In 2016, I was lucky enough to visit an exhibition presenting some of the most striking works of art I had ever seen: monumental pieces, several square metres each, all bursting with incredibly vivid colours. What surprised me the most was that these masterpieces were by an artist I had only vaguely heard of before, his talent apparently eclipsed by that of his more famous contemporaries. Perhaps this was due to the nature of most of his works: they were not paintings, but tapestries.
Tapestry in France was at its highest point in the late medieval period, with famous examples such as La Dame à la licorne and the Tenture de l’Apocalypse but was more or less a forgotten art by the beginning of the 20th century. A great admirer of this medieval tradition, Jean Lurçat, the artist whose works I was admiring, sought to revive it by borrowing many of its themes for his tapestries. The “mille-fleurs” for example, a style that consists in weaving hundreds of flowers, all different, around the main subject of a work, features heavily in his art. Fantastic creatures were a recurring theme in medieval tapestry and Lurçat created an entire bestiary in his main works. But he also enriched this medieval tradition by the addition of a surrealist twist, many of his tapestries presenting a disconcerting, oneiric, highly symbolical landscape.
Clockwise from top left: La petite peur, Le vin and Le pêcheur.
Lurçat’s works seemed to revolve around timeless themes such as the seasons, hunting or wine, but were in fact directly influenced by his political convictions and the events of his time. The artist survived two world wars and it is no accident if the animal he preferred depicting was the cock, symbol of France. Like many of his surrealist friends (whose works form a great part of our Liberation collection), he was part of the Résistance and, during the Occupation he used his art to convey messages of protest, weaving verses by Paul Éluard or Robert Desnos into his works. As a communist, he was also interested in the collaborative aspect of mural tapestry, which unlike most art forms, doesn’t rely exclusively on the work of a solitary genius : the artist creates the cartoon, the pattern to follow, but the weavers do the rest. This gave him the opportunity of reviving the manufacture of Aubusson by giving employment to its workers.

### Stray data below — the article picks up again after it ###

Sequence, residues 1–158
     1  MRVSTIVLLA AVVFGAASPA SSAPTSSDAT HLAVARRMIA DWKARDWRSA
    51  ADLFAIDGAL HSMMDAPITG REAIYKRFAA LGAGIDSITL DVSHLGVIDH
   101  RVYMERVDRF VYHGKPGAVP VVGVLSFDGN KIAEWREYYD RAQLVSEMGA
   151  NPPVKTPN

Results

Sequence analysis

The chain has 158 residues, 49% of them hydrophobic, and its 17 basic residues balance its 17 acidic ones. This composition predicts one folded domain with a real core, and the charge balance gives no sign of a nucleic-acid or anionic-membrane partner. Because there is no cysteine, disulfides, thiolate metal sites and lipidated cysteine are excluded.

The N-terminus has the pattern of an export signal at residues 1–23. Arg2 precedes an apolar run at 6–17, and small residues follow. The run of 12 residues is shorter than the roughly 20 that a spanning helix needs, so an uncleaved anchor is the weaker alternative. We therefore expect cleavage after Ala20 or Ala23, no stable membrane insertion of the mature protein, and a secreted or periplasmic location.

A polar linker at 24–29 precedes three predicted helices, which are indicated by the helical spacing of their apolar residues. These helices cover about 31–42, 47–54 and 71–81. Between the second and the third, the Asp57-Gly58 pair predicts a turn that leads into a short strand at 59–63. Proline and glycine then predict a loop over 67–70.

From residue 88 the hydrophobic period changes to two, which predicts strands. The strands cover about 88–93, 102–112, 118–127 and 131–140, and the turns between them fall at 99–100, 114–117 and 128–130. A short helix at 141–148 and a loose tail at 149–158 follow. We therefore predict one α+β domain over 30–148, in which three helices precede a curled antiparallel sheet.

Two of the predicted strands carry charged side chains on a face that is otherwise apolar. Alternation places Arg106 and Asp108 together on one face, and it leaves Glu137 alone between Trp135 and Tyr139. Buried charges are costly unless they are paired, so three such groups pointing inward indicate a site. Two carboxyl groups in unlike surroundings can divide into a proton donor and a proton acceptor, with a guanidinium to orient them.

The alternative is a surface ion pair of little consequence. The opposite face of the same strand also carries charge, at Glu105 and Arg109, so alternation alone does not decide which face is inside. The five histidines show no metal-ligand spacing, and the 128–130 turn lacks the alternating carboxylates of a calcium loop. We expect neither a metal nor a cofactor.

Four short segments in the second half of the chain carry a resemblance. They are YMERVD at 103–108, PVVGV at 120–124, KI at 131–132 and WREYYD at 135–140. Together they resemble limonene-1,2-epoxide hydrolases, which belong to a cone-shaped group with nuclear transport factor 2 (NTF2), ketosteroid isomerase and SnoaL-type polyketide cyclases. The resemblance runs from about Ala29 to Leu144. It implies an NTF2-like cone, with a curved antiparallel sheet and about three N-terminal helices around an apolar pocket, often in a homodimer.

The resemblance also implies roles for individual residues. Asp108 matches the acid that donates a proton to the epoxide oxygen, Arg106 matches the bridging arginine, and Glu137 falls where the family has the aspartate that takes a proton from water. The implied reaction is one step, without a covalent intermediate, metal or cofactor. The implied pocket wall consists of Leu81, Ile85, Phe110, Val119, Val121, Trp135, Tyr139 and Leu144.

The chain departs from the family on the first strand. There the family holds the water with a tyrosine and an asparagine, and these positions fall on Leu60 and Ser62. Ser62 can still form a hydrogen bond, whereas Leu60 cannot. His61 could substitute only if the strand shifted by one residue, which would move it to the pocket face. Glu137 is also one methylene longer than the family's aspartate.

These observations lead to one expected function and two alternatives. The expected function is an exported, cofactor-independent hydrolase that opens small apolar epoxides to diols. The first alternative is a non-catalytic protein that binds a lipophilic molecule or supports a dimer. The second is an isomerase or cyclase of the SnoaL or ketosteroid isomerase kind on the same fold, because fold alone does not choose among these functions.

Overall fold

Clockwise from the left: Liberté, featuring verses of a poem by Paul Éluard, Avec la France dans les bras and La naissance du lansquenet, a strong criticism of war.
The catalogue of the exhibition mentioned earlier stands at S950.a.4730 and can be ordered in the West Room; the UL and other libraries across Cambridge also hold copies of books about and by the artist. While researching for this blog post, I was surprised to discover that one of Lurçat’s tapestries has actually made its way into Cambridge; it was offered by de Gaulle to Churchill and can now be admired in the library of Churchill college.